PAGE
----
Are the classic plastic cones really all that bad? It depends on which dog you ask. Some dogs seem to accept the weight of the heavy plastic, the restricted visibility imposed by the opaque material, the need for increased clearances around the house, and even being gouged by the thick plastic tabs that are supposed to be belted by the dog's collar at the base of the cone. Today there are a number of alternatives to the classic Elizabethan collars to prevent a dog from licking a wound, aggravating a hot spot, tearing out his surgical stitches, or removing a bandage. The alternatives offer a dog greater comfort, better mobility, and improved visibility.
We received the following long – but very informative – letter from Evelyn Orenbuch, DVM, the vice president of the American Association of Rehabilitation Veterinarians. It helps further our readers’ education about their options for treating canine CCL injuries.
Dogs go lame for all kinds of reasons. Arthritis, Lyme disease, paw injuries, muscle sprains, bee stings, interdigital dermatitis, and dislocated kneecaps can make any dog limp. But when an active dog suddenly can't put weight on a hind leg, the most common diagnosis for more than a million American dogs every year is a torn cruciate ligament. In 2003, according to the Journal of the American Veterinary Medical Association, the cost of treating those injuries exceeded $1.32 billion, and the price tag keeps rising. The most common prescription for canine knee injuries is surgery. Unfortunately, operations don't always work and some patients, because of age or other conditions, are not good candidates. In recent years a nonsurgical approach called conservative management" has helped thousands of dogs recover from ligament injuries
About a decade ago, my then-young Bouvier, Jolie, had surgery to repair a herniated disc. From reading Whole Dog Journal, I was vaguely aware that veterinary physical therapy or rehabilitation existed; these specialties were mentioned in Recovery From a Fetch Injury" in the August 1999 issue
After consulting with three veterinary surgeons, it was decided that the best course of action for my dysplastic dog was a triple pelvic osteotomy (TPO), where the hip is reformed to create a socket. This procedure was considered experimental 10 years ago when Oak was much in need of it. Today, it is a common surgery for hip dysplasia.
Cosmetic surgery for dogs, including docking tails and cropping ears, is increasingly controversial. Even the usually conservative American Veterinary Medical Association (AVMA) has stated that the procedures are not medically indicated nor of benefit to the patient. These procedures cause pain and distress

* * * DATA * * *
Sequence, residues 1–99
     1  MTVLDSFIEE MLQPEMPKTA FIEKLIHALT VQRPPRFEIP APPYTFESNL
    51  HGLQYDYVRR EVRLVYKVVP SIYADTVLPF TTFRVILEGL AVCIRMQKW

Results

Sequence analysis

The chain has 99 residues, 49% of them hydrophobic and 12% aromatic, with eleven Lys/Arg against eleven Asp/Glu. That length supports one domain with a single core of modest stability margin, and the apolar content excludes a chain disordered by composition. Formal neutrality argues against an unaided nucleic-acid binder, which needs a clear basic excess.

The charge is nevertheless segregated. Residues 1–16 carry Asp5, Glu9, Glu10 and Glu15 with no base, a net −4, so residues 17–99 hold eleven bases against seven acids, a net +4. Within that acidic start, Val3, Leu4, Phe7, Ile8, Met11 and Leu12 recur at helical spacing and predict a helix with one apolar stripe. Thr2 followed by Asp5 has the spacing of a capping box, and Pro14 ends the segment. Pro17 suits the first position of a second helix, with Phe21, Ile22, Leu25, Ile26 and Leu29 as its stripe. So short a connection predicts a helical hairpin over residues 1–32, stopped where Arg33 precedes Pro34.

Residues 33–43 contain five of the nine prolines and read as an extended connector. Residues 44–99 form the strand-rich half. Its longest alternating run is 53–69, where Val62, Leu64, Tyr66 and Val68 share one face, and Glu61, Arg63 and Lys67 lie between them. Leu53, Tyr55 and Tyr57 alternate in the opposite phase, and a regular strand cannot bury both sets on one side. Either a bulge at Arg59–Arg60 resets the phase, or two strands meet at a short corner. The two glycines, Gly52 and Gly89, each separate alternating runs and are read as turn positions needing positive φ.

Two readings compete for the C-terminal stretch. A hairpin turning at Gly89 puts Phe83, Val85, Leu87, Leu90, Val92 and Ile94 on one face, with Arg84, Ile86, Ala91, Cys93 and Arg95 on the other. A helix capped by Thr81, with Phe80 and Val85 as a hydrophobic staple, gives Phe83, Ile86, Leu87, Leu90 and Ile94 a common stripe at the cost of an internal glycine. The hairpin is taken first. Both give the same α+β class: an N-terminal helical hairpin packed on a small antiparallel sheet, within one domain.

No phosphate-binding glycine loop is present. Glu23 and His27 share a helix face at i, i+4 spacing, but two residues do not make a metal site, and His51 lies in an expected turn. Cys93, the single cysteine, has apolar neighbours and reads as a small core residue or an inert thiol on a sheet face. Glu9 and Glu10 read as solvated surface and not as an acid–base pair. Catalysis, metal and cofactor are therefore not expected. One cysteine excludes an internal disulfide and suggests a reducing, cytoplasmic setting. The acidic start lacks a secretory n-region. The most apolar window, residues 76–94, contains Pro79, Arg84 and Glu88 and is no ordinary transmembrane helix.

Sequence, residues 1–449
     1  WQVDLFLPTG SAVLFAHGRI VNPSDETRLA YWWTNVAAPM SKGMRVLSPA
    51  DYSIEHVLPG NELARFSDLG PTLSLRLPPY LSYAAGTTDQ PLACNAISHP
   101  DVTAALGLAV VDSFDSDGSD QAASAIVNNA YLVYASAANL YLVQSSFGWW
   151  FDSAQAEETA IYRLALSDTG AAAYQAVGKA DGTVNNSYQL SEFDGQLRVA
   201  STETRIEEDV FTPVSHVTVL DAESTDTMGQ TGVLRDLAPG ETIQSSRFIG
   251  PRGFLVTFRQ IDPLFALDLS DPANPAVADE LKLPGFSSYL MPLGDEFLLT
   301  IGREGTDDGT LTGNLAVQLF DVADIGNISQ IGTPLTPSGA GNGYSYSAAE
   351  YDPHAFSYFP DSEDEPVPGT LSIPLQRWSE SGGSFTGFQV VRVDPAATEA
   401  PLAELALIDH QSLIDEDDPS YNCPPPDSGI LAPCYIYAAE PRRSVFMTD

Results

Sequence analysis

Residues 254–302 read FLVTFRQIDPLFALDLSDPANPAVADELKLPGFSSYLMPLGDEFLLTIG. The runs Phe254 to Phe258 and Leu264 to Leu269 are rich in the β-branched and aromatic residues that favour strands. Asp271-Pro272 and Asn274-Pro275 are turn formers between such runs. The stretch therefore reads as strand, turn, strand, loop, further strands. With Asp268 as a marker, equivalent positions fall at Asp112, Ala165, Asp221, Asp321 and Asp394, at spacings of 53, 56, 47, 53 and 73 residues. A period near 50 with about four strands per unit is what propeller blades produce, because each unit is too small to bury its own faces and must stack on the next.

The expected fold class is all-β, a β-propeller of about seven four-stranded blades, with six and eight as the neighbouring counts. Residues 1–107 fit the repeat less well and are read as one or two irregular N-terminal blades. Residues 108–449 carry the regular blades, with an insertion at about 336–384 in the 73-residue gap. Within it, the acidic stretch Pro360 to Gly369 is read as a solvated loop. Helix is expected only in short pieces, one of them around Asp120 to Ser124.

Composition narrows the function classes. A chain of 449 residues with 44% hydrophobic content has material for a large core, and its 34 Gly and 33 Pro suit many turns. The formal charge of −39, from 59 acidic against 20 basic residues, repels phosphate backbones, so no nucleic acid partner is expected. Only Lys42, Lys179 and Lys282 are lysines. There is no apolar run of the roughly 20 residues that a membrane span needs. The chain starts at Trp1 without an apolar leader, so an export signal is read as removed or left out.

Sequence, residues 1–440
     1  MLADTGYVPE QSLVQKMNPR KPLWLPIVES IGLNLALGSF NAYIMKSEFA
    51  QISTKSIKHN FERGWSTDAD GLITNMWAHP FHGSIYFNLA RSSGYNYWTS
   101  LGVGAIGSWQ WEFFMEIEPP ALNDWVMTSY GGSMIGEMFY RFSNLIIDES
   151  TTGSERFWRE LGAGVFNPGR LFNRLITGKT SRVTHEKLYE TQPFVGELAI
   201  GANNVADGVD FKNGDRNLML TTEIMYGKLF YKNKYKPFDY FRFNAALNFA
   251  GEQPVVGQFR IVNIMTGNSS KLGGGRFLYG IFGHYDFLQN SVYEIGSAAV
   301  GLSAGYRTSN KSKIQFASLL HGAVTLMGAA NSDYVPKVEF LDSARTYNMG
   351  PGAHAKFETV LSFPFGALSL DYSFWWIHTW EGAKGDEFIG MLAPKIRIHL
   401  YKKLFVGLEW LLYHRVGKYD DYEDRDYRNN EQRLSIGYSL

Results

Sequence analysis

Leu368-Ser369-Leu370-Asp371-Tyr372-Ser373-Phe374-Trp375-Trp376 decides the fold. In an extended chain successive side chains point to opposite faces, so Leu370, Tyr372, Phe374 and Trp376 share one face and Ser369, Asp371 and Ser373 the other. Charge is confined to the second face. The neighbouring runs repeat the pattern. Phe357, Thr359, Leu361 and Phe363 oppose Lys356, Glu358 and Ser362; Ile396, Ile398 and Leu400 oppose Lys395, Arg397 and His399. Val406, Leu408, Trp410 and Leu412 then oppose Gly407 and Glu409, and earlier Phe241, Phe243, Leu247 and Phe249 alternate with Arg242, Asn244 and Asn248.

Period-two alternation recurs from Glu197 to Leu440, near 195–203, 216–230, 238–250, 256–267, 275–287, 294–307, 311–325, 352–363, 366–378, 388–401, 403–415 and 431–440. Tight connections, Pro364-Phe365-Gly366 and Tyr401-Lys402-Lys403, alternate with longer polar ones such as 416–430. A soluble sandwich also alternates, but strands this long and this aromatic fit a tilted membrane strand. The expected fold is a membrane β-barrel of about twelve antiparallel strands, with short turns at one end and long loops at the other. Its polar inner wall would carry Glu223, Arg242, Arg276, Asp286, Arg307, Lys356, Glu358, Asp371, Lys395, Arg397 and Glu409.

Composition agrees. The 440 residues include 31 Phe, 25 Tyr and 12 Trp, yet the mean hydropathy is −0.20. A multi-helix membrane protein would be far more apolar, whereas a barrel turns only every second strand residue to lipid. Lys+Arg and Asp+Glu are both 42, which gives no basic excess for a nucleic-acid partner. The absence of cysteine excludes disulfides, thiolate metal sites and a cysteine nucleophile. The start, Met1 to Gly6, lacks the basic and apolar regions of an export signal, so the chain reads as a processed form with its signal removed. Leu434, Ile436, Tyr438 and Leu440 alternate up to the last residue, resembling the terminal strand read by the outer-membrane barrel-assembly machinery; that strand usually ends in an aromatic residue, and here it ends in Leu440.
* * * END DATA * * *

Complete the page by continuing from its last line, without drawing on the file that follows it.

and then waits for Tater to offer an approximation of "dead." (Above) Once Tater offers "dead
The lampshade, satellite dish, or cone no matter what you call it, it is hard not to alternately laugh and feel sorry for any dog wearing one. Often used after surgical procedures, these cone-shaped collars are designed to keep dogs from licking sutures or wounds, potentially opening the wounds or tearing the stitches. They are also used to keep a dog with an injury or surgical site on his head from scratching it with his paws.
Advances in anesthesiology have made this life-saving medical tool safer than ever. Prior to administering an anesthetic and performing an elective surgical procedure, a veterinarian will examine your dog completely to determine if she is in general good health. Usually, the veterinarian will draw blood before the day of surgery, especially if the patient is an older dog, or one whose health is compromised by injury or illness. The doctor will check the blood count for signs of anemia or a high white blood cell count that may indicate the dog has an infection.
first discovered Petey at their local humane society shelter in 1990. Scheduled for euthanasia the next day
I have a young Great Dane named “Bugsy.” I acquired him from a Dane breeder with a good reputation when he was four and a half months old. My only misgiving about the handsome pup was the discovery he had been raised on a terrible food, a brand made with poor quality ingredients and way too much protein and fat for a growing Dane puppy. Though many people think that big dogs must require lots of protein and fat to “grow so big,” giant breed dogs should be fed lower percentages of these nutrients.
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